This lecture introduces the student to the vital role played in voice production by the vocal folds (or cords) and how important it is to keep the folds moist during the working day or for extended voice use.
This lecture explains how diet, lifestyle and environment affect the voice and how we can avoid hazards and pitfalls during the professional day.
This lecture explains how posture - how we sit, stand and move - can affect the voice and how it is important to consider good posture when using the voice each and every day.
If the voice is to sound appropriate for the teaching situation, then the body has to assume the correct posture and this means avoiding tension and common postural misuses.
This lecture illustrates common examples of postural misuse - often seen in the teaching situation - and the effect they have on the voice.
Good voice use means good posture and this lecture illustrates how we can achieve balanced alignment so that our body is best placed to produce good vocal sound.
This lecture explains the vocal techniques a teacher needs to understand and use in order to have a varied and effective delivery for a wide range of educational situations and environments.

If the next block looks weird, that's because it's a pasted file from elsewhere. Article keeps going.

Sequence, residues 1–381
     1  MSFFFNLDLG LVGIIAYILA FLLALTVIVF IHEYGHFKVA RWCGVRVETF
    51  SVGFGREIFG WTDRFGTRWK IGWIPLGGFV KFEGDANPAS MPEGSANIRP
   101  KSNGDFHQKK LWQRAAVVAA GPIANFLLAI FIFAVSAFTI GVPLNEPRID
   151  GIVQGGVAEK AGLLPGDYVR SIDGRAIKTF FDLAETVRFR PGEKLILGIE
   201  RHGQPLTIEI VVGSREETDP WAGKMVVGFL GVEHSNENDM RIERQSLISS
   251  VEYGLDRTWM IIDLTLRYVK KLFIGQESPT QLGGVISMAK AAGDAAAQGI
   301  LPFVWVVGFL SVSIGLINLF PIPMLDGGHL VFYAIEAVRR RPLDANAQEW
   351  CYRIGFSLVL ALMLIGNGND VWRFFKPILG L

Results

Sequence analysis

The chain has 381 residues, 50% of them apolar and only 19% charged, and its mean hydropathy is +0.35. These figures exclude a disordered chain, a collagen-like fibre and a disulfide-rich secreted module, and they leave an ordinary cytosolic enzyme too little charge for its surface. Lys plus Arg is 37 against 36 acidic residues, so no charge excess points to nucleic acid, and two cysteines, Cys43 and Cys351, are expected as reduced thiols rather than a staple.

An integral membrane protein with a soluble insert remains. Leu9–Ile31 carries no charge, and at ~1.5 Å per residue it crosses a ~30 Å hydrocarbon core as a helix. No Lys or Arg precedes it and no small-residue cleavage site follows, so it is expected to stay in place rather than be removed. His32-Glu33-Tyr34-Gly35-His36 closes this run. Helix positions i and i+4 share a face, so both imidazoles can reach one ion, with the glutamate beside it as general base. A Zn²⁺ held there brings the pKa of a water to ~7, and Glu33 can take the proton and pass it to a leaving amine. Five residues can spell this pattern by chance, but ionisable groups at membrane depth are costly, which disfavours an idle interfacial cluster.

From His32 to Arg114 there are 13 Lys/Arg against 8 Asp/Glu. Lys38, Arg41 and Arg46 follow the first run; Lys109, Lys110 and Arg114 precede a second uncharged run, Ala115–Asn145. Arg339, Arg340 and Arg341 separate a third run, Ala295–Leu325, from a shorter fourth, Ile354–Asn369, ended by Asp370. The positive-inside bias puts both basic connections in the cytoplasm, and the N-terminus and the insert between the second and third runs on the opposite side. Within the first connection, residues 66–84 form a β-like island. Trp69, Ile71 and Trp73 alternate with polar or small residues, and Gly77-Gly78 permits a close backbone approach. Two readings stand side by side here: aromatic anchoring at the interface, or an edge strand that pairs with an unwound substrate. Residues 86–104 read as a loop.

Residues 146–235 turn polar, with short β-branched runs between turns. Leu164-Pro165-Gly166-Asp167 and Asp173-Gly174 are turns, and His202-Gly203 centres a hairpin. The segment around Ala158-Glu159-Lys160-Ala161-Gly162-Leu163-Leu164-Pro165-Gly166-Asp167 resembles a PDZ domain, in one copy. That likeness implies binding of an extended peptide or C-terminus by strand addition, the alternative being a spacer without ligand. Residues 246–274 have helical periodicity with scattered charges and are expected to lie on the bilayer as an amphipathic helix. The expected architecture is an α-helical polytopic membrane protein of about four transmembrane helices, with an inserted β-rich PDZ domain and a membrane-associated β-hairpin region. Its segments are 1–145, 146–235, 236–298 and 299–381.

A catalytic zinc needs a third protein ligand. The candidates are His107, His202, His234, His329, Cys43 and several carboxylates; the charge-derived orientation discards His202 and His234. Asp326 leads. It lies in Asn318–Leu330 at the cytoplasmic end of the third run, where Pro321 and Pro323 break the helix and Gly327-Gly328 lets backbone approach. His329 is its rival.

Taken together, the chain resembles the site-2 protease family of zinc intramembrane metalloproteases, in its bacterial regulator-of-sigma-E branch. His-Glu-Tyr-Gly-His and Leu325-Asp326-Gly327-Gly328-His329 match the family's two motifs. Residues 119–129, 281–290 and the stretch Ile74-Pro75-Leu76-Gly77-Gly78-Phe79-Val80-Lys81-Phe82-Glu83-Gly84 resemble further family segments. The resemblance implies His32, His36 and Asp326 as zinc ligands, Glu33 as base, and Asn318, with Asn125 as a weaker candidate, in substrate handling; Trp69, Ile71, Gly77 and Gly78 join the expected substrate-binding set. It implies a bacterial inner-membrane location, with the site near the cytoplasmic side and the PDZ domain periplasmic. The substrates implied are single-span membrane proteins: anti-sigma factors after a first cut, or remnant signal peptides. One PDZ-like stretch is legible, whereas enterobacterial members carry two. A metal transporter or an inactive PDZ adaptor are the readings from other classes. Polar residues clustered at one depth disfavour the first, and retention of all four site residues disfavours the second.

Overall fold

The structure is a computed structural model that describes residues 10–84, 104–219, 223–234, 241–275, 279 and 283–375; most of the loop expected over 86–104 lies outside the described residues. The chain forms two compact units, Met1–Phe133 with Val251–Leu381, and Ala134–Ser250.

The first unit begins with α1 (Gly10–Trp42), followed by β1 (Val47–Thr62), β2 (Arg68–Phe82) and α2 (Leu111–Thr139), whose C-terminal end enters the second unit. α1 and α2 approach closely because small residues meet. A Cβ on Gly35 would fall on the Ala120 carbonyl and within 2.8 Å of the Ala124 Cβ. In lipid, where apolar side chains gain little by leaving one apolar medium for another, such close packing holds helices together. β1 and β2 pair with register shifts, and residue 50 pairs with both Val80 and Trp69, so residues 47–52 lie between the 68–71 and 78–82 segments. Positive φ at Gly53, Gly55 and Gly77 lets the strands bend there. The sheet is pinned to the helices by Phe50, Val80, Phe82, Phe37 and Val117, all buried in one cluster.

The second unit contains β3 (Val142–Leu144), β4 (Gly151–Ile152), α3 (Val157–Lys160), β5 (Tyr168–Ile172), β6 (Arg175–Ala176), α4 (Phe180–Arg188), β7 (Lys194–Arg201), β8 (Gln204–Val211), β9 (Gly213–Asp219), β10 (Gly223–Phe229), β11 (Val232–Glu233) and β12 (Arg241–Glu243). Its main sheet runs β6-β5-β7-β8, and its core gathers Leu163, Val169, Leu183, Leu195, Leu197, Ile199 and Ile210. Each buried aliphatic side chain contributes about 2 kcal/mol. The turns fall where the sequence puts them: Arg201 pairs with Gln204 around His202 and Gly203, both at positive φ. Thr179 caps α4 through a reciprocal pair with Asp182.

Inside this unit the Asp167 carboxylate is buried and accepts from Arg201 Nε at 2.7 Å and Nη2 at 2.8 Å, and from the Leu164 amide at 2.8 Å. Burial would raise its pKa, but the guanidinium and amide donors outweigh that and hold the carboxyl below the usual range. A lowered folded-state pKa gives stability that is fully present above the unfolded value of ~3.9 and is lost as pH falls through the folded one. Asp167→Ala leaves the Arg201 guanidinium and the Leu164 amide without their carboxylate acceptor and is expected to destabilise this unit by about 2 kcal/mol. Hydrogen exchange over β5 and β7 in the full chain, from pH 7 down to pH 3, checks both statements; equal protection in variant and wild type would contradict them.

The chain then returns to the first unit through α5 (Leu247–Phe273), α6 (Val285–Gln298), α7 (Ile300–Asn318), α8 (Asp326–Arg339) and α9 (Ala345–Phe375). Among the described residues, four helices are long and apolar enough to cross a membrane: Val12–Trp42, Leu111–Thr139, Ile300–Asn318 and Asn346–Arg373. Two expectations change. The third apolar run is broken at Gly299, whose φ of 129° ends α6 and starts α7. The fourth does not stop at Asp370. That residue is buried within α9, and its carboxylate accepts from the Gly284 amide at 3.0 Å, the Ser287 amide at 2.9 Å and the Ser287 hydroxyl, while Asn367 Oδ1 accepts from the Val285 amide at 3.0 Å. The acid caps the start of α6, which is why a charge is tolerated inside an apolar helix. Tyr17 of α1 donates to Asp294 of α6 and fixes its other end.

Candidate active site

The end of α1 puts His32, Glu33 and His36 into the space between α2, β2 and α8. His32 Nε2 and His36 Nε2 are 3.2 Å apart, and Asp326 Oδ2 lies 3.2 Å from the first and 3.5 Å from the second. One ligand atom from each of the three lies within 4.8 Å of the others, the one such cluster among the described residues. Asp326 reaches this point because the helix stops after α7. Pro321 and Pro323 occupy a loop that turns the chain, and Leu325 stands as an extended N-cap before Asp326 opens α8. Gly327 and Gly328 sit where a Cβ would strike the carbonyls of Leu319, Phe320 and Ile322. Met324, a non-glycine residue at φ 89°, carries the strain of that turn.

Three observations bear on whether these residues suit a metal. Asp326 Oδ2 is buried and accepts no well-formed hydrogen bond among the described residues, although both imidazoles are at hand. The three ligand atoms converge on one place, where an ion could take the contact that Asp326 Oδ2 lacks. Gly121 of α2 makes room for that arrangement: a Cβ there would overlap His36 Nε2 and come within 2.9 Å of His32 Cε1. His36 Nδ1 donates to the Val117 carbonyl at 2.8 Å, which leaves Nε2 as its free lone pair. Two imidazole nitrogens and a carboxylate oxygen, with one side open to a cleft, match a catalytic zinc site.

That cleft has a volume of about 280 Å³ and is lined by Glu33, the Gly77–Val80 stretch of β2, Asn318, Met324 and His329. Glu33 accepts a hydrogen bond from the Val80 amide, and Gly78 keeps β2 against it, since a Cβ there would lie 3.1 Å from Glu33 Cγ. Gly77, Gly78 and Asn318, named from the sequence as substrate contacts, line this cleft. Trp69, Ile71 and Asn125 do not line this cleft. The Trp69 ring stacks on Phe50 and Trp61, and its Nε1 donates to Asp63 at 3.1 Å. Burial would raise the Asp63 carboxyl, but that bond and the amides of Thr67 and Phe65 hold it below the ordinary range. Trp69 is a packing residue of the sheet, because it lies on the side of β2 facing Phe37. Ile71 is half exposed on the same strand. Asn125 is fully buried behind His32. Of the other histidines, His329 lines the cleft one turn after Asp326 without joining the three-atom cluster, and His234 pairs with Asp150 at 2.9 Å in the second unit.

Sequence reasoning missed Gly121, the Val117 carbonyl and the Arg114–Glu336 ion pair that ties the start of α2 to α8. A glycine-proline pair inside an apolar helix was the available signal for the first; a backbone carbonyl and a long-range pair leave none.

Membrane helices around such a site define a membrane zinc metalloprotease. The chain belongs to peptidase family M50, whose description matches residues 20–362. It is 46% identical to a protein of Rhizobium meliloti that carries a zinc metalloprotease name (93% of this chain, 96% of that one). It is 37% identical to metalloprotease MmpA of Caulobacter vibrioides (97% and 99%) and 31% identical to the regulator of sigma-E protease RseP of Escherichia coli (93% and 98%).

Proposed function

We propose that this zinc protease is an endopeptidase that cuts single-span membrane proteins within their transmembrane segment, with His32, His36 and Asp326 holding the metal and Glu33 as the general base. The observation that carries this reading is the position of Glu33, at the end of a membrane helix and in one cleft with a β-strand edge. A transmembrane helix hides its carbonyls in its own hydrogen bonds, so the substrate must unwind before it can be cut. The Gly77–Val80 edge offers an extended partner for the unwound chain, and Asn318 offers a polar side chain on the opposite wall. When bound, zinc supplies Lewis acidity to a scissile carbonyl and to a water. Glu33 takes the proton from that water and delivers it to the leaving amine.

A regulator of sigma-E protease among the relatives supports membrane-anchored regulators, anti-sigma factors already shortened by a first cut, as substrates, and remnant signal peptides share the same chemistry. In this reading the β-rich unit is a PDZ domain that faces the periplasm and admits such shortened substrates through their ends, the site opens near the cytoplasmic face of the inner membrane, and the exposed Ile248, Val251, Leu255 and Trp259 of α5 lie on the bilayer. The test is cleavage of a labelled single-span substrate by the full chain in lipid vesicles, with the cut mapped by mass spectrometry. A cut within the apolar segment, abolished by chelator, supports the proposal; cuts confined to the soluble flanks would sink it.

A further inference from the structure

Breath underpins all work on the voice and good breath control is vital for a voice that needs to carry easily and reach all listeners. This lecture looks at supportive breathing.
In this lecture we put breath to work and practise extending and controlling the outbreath.
This lecture explains why clear articulation is so important when delivering information in the learning environment and how we can achieve and strengthen our vocal clarity.
This lecture explains how vowels carry the sound and how long and short vowels give our speech clarity.
This lecture explains how consonants give speech distinction and how and where the consonants are formed.
We look at more examples of good articulation and how practising and working the organs of articulation to strengthen our diction can be fun and enjoyable.
This lecture explains how pitch variation adds interest to the teaching voice and illustrates how the pitch range can be safely extended for increased modulation.